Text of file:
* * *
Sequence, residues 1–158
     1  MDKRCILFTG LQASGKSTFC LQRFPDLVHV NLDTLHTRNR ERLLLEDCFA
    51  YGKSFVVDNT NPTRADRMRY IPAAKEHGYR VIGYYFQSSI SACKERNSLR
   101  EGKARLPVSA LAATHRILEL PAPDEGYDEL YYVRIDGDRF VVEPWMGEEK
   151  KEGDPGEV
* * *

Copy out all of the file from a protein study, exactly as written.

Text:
Sequence, residues 1–158
     1  MDKRCILFTG LQASGKSTFC LQRFPDLVHV NLDTLHTRNR ERLLLEDCFA
    51  YGKSFVVDNT NPTRADRMRY IPAAKEHGYR VIGYYFQSSI SACKERNSLR
   101  EGKARLPVSA LAATHRILEL PAPDEGYDEL YYVRIDGDRF VVEPWMGEEK
   151  KEGDPGEV